Ann Geriatr Med Res 2016; 20(4): 221-228  http://dx.doi.org/10.4235/agmr.2016.20.4.221
Risk of Traumatic Intracranial Hemorrhage From Low-Energy Falls in the Oldest-Old Patients
Sung Kyu Kim1, Ki Young Jeong1, Jong Seok Lee1,2, Han Sung Choi1,2, Hoon Pyo Hong1,2, Young Gwan Ko1,2
1Department of Emergency Medicine, Kyung Hee University Hospital, Seoul, 2Department of Emergency Medicine, Kyung Hee University School of Medicine, Seoul, Korea
Correspondence to: Han Sung Choi, MD 
Department of Emergency Medicine, Kyung Hee University Medical Center, 23 Kyungheedae-ro, Dongdaemun-gu, Seoul 02447, Korea 
Tel: +82-2-958-8275 
Fax:+82-2-958-9689 
E-mail: hsg3748@hanmail.net
Published online: December 31, 2016.
© The Korea Geriatrics Society. All rights reserved.

Abstract
Background: The population of individuals classified as oldest-old (aged ≥85 years) has increased rapidly in recent years. The rates of morbidity from chronic diseases and physical dependence tend to be higher in the oldest-old compared with individuals classified as young-to-middle-old (aged 65-84 years). Therefore, the classification and evaluation of traumatic injuries in the oldest-old group are necessary. Herein we focused on the risk of traumatic intracranial hemorrhage from low-energy falls in older patients. 
Methods: Patient medical records from the Emergency Department after low-energy falls that occurred between November 2014 and April 2016 were retrospectively analyzed. Patients were divided into an older group (aged ≥65 years) and an adult group (aged 18-64 years); the older group was subdivided into the oldest-old group (aged ≥85 years) and a young-to-middle-old group (aged 65-84 years). The rate of intracranial hemorrhage and related factors were also investigated.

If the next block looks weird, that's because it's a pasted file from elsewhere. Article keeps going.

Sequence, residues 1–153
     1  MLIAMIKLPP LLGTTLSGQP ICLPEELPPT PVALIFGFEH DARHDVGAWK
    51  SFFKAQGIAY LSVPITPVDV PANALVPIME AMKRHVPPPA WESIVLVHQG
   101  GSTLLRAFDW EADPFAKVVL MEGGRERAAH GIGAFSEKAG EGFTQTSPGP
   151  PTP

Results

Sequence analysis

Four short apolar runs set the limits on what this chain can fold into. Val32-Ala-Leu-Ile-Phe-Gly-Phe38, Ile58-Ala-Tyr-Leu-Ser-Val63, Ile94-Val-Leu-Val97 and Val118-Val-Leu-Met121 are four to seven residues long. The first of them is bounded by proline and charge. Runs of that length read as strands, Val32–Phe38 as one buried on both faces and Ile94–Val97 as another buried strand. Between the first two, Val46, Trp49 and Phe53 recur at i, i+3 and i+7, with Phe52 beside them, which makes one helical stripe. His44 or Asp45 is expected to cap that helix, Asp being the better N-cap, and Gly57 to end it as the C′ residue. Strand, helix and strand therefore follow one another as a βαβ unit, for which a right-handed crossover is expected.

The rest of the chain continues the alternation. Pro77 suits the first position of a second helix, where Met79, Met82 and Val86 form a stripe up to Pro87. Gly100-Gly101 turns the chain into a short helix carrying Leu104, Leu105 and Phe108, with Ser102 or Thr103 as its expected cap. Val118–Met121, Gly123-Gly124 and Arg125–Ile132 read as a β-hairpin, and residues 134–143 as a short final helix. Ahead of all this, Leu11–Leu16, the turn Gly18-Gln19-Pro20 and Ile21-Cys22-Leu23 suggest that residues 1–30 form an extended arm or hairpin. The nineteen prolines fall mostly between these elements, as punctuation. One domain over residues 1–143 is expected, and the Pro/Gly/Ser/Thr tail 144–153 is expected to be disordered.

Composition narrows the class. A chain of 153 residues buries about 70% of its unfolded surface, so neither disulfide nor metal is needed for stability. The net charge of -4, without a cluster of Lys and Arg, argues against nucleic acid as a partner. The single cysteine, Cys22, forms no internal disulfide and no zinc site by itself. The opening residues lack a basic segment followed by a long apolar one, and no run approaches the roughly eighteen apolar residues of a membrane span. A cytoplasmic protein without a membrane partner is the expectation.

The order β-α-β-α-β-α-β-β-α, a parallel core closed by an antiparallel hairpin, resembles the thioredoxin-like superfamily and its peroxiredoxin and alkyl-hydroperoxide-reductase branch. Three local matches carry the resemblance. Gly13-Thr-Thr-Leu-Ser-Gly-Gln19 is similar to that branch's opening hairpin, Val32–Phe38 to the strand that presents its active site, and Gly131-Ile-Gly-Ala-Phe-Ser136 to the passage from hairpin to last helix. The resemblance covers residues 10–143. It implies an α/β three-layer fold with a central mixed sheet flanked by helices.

Results: The older group had a greater risk of traumatic intracranial hemorrhage than the adult group (20% vs. 12.6%, p=0.019). Furthermore, more cases of traumatic intracranial hemorrhage were found in the oldest-old group than in the young-to-middle-old group (37.5% vs. 18.0%, p=0.024). Similarly, the risk of traumatic intracranial hemorrhage in the oldest-old was higher than in the young-to-middle-old group (p=0.032). 
Conclusion: The risk of traumatic intracranial hemorrhage from low-energy falls in the oldest-old patients was higher than in the young-to-middleold patients. Therefore, physicians need to pay particular attention to oldest-old patients, even to those with mental integrity and without neurological deficits.
Keywords: Oldest old, Accidental falls, Intracranial hemorrhage, Emergency


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